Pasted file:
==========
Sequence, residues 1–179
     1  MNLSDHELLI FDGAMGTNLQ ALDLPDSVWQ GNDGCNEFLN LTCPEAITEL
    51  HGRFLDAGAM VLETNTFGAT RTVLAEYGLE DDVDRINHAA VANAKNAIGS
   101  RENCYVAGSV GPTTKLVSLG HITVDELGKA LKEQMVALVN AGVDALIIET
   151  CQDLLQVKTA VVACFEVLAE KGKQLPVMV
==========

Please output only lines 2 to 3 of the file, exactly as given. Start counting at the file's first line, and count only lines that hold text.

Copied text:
     1  MNLSDHELLI FDGAMGTNLQ ALDLPDSVWQ GNDGCNEFLN LTCPEAITEL
    51  HGRFLDAGAM VLETNTFGAT RTVLAEYGLE DDVDRINHAA VANAKNAIGS